Sunday, May 26, 2013

So a Khajit, an Argonian, and an Orc Walk Into a Skooma Den...

Now legal in the Ratway, the alley behind the Winking Skeever, and Washington State.
 ...and get totally blasted on skooma.

Ah yes, sweet, sweet skooma... sweet, mind-numbing, haze-inducing, brain-cell-slaughtering skooma. Loathed by uptight Imperial soldiers everywhere in Cyrodiil, you can find plenty of it while wandering the wilds of Skyrim. Buy it at any Khajit caravan, from random skooma dealers encountered on the road, or - best of all - make your own with this Real Life Skooma Recipe!

I did - and I will openly, immediately admit that this is a really weird recipe with a really odd mix of flavors. It's not for the faint of stomach or frail of liver. It's not going to be to everyone's taste. But it's as canon as anything else Lexi and I have concocted for this blog, and if you're a diehard Skyrim fan with Daedric-strength tastebuds, give this one a shot.

Skooma in-game is made from refined moon sugar. A book from Morrowind, An Alchemist's Guide to Skooma, describes the recipe in greater detail (I would seriously love to meet the game designer who wrote it). In developing my own recipe, I started with the following descriptions from the book:
In Elsweyr skooma is made from moon sugar and a poisonous herb called nightshade... the preparation of skooma requires that the alchemist dissolve some moon sugar in water and bring it to the boil. For one pint of water you should add one cup of moon sugar. Once it is boiling, add one thimble full of nightshade essence.
That right there, my friends, is simple syrup with powdered nightshade added. Straightforward, basic, and something Lexi and I have done before, in our recipes for Elsweyr Fondue and the Velvet Lachance. Reasoning that trying to make simple syrup using our own moon sugar recipe might cause some issues with melting, I fell back on the variation we came up with for the fondue:

1 cup granulated white sugar
1 cup water
1-2 Tbsp of lavender or culinary sumac

Boil sugar in water. Stir until sugar dissolves. Remove from heat immediately and add lavender or culinary sumac to taste, usually 1 or 2 Tbsp. Let cool. (If you make with lavender, we recommend straining before use to get the lavender bits out.)

Left: Sumac Simple Syrup (Secunda)
Right: Lavender Simple Syrup (Masser)
With the Velvet Lachance, we solved the issue of where we might get nightshade; the nightshade family is vast, and there are, in fact, quite a few edible plants within it: tomato and eggplant are some examples, but for spice and kick we went with peppers. And oh, there are sooo many to choose from... which ones to use?

Clockwise, starting with the fresh red pepper on the left: Thai pepper, chipotle powder, ancho chili powder, cayenne chili powder, crushed jalapeno peppers, Aleppo pepper (center), Guajillo pepper (long purplish dried pepper), Sanaam chili pepper (bottom)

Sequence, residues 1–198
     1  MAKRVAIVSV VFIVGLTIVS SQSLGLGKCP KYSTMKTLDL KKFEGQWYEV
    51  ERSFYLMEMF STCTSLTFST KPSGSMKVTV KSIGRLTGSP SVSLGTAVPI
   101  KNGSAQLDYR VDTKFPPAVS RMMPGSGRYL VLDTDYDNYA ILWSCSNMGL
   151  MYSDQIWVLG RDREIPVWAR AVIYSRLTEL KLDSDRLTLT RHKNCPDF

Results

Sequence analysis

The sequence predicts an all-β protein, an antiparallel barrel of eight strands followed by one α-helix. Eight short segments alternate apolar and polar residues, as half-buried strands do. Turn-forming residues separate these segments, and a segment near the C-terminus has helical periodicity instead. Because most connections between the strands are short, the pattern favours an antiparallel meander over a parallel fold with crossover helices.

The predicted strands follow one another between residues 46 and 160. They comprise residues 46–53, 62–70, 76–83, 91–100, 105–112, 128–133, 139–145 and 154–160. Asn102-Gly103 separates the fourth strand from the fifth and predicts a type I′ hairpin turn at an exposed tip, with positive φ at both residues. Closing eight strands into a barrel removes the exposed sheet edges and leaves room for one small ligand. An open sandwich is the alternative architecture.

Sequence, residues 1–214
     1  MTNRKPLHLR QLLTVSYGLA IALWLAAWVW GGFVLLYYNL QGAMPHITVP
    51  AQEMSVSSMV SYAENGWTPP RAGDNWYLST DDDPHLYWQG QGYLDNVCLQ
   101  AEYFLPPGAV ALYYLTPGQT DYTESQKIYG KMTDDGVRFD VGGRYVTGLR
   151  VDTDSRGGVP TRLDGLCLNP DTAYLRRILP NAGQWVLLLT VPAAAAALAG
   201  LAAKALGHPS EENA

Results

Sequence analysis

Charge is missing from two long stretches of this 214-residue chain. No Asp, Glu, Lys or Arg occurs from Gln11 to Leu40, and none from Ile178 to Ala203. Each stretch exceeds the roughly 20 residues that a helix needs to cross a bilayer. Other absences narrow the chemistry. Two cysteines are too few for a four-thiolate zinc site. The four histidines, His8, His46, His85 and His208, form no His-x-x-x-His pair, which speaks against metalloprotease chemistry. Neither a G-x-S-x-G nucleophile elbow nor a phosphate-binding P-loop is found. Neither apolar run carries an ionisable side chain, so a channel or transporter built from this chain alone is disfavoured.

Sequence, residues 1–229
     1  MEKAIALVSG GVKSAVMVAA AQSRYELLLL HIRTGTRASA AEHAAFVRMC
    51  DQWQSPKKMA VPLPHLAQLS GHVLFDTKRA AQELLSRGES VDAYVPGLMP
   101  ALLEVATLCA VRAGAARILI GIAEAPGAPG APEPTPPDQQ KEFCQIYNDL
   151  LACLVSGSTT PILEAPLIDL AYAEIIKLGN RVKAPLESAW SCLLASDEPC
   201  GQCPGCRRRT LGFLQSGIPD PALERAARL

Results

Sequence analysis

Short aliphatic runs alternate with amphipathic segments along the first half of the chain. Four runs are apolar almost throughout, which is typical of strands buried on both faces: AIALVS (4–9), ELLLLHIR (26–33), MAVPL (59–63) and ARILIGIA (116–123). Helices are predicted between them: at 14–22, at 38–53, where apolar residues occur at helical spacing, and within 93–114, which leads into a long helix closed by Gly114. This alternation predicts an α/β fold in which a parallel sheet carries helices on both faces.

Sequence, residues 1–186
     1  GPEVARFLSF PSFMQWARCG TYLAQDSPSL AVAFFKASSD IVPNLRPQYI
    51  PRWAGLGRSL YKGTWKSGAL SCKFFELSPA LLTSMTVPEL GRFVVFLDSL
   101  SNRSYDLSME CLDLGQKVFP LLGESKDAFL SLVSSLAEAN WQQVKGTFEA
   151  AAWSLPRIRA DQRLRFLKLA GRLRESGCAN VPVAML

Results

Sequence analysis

This is where the flavor really comes into this recipe, and where you can go hog wild, picking and choosing as many (or as few) peppers as you wish. And I highly encourage readers to experiment on your own: we came up with flavors we liked, but there are so many more possible variations out there. Here's the basic recipe:

4-6 oz. simple syrup
A pinch to a teaspoon of peppers (crushed, minced, dried, powder, a mix of peppers or a single variety)

Mix the peppers into the simple syrup. Let sit for an hour or two. Strain. Mix with an equal part vodka, over ice or as straight shots. Lose your mind and yowl like a horny desert cat at the moon's dim light.

  • Lavender has a stronger flavor than sumac, so will stand up to the stronger peppers.
  • Don't let your base mixture sit for very long. Either drink it right away, or strain out the pepper after an hour (2 hours tops). If you let it sit, it tastes terrible.
  • Fresh peppers have a milder flavor than powdered (at least the ones we tried), but may have more heat.
  • Combinations that worked reasonably well were lavender and chipotle, lavender and Guajillo pepper, sumac and Aleppo pepper, and sumac and Thai pepper.
  • Don't drink this without cutting it with vodka (or gin, if you want something sweeter and fruitier). It's too cloyingly sweet without being diluted.
  • Goes well with Elsweyr Fondue and a need to erase the bleak lawlessness of Skyrim from your mind.


  1. That book was written for a mod called tamriel rebuilt. It says so on the page you linked. It's not canon. Neat recipe though.

    1. Well, true, it's technically not canon. But it's the closest thing I found. Glad you like the recipe - it's an odd one!

  2. How would you go about straining the syrup?

    1. I strained the syrup by waiting until it had cooled down, then pouring it into a glass jar through a fine-meshed strainer. That got most of the lavender bits out just fine.

      The sumac syrup doesn't really need to be strained.

  3. I don't have a fine mesh strainer(can't find one anywhere), what would you suggest I use?

    1. In the absence of a fine mesh strainer, you can try a coffee filter, or else cheesecloth or a flour sack towel lining a colander. Pour fairly slowly, as the liquid will soak through the cloth slowly.

      In a serious pinch you can also try a couple of paper towels (either folded into a cone or lining a colander), but they need to be pretty strong so they don't fall apart when saturated with liquid.

      Hope this helps!